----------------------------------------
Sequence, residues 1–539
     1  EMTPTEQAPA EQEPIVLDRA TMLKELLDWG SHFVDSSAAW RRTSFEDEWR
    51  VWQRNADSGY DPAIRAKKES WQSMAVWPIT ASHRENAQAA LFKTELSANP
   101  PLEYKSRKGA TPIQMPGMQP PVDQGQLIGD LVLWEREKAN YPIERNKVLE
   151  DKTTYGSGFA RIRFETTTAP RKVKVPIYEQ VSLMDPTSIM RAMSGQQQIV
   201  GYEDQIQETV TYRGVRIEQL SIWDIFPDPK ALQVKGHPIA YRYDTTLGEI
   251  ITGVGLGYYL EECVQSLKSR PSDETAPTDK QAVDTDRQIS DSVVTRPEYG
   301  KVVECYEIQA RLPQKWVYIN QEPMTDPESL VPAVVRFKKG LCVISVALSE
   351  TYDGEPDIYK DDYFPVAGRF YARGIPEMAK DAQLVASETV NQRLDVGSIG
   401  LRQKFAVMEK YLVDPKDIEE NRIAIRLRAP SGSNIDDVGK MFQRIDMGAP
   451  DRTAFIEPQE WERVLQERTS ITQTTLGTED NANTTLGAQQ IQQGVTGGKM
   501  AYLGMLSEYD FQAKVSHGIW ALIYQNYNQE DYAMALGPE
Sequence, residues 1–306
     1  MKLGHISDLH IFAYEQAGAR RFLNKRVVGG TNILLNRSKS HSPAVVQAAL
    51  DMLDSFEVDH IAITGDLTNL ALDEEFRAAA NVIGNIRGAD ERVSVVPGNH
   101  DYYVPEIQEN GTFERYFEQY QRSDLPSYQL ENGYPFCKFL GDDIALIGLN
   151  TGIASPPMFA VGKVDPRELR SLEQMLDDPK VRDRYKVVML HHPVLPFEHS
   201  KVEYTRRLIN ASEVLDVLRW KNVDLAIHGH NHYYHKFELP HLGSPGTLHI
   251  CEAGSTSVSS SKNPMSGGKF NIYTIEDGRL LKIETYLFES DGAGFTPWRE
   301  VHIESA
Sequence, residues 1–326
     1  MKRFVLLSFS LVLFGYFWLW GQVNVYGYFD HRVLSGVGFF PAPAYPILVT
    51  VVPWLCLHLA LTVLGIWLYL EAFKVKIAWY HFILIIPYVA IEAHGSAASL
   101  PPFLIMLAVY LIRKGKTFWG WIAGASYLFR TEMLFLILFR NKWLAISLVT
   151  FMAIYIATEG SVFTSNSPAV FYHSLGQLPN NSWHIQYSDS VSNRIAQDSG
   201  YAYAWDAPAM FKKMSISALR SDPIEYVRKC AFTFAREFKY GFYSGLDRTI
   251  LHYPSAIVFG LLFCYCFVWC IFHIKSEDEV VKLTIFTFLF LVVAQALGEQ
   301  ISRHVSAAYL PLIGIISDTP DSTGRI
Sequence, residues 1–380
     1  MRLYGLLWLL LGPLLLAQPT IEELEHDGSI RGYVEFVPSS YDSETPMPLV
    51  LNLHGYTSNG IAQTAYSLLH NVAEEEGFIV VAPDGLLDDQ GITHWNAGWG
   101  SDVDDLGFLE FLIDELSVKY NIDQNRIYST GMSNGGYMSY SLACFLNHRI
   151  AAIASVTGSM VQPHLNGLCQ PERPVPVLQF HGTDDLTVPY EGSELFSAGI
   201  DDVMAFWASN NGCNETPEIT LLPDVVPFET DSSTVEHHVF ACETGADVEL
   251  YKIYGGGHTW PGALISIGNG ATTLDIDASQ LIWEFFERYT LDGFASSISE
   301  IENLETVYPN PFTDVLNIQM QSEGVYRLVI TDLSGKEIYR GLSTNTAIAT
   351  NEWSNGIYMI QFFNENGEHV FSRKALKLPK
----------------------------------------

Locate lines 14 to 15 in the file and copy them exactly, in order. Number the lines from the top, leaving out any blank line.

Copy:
     1  MKLGHISDLH IFAYEQAGAR RFLNKRVVGG TNILLNRSKS HSPAVVQAAL
    51  DMLDSFEVDH IAITGDLTNL ALDEEFRAAA NVIGNIRGAD ERVSVVPGNH